For several weeks, Canada’s capital, Ottawa, has seen one of the largest public protests and acts of civil disobedience in recent history. The #FreedomConvoy protests began when hundreds of trucks formed convoys heading to Ottawa in opposition to a vaccine mandate for truckers crossing the U.S.-Canada border. Eventually, the focus of the protests became a broader opposition to COVID-19 restrictions.
The protest movement saw blockades of a half-dozen U.S.-Canada border crossings at its peak, including the key route between Windsor, Ontario, and Detroit, Michigan. The demonstrators had been given an ultimatum to leave or risk arrest and have their trucks seized.
On Monday, February 14, Prime Minister Justin Trudeau invoked the Emergencies Act for the first time in Canada’s history on account of the ongoing blockades and protests against COVID-19 restrictions and mandates.
The Emergencies Act gives the federal government extraordinary powers. These include prohibiting travel to and from a public assembly, compelling crowdfunding platforms and banks to freeze the assets of accounts funding protesters, forcing towing companies to remove vehicles blocking highways and other critical infrastructure, and establishing zones where public assembly is prohibited, such as at airports and border crossings.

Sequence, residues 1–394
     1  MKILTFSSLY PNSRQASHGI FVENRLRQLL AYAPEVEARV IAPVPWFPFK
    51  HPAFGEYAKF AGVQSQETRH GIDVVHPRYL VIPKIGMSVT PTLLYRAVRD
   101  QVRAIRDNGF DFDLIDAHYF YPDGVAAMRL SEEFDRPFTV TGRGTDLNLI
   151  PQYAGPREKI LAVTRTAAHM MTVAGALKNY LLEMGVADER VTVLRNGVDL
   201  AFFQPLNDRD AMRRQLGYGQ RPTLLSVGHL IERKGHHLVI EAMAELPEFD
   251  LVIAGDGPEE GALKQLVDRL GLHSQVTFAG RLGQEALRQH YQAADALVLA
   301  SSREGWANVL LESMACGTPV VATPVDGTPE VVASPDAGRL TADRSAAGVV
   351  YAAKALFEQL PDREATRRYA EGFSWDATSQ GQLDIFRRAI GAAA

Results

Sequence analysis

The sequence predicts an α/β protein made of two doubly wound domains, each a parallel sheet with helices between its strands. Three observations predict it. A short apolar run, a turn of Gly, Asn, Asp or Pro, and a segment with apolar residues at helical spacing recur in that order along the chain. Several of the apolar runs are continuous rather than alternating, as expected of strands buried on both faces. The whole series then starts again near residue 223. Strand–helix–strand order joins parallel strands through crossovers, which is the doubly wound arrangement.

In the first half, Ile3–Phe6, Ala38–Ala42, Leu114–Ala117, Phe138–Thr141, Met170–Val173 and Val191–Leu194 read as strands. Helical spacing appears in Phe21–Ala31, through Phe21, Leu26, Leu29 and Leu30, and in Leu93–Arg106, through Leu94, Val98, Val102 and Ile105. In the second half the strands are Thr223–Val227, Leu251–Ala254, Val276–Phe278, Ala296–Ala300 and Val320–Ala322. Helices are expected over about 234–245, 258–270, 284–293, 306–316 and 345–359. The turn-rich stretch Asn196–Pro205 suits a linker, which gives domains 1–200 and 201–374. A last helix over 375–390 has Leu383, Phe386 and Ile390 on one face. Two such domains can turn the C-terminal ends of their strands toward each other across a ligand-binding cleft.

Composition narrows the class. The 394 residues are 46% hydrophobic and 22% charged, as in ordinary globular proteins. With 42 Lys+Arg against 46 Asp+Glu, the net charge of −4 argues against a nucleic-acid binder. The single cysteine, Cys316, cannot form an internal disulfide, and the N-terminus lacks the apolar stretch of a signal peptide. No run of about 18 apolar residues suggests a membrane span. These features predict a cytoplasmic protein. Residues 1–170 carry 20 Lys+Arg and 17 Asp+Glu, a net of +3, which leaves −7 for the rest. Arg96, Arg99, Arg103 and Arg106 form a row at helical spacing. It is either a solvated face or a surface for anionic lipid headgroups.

This week, the police began making arrests in downtown Ottawa. Dozens of protesters have been arrested, including two leaders of the Freedom Convoy, and dozens of vehicles have been seized. Authorities have also moved to freeze bank accounts and choke off any crowdfunding and cryptocurrency transactions supporting the protesters.
Prime Minister Justin Trudeau took the rare step of declaring a national public order emergency. By law, the Emergencies Act is only allowed to be invoked in emergencies – urgent and critical situations that endanger citizens’ lives, health, or safety and cannot be resolved through any existing legislation. What’s happening in Canada right now does not meet this criteria but instead represents government overreach and an infringement on individual liberty.
At Students For Liberty, we believe that such conduct represents state-sanctioned violence and is unacceptable in a civil and free society. We consider economic and political freedoms to be the foundations of such a society. The government bears primary responsibility for creating an environment that protects individuals’ rights and ensures that all citizens can exercise their rights to freedom of speech and assembly without threats of intimidation or harassment.
Students For Liberty stands with the Canadian people in their aspirations for a freer future. We support their call for the state to respect their rights to move freely, express themselves, and hold peaceful demonstrations. Anything that infringes upon those rights is an attack on individual liberty.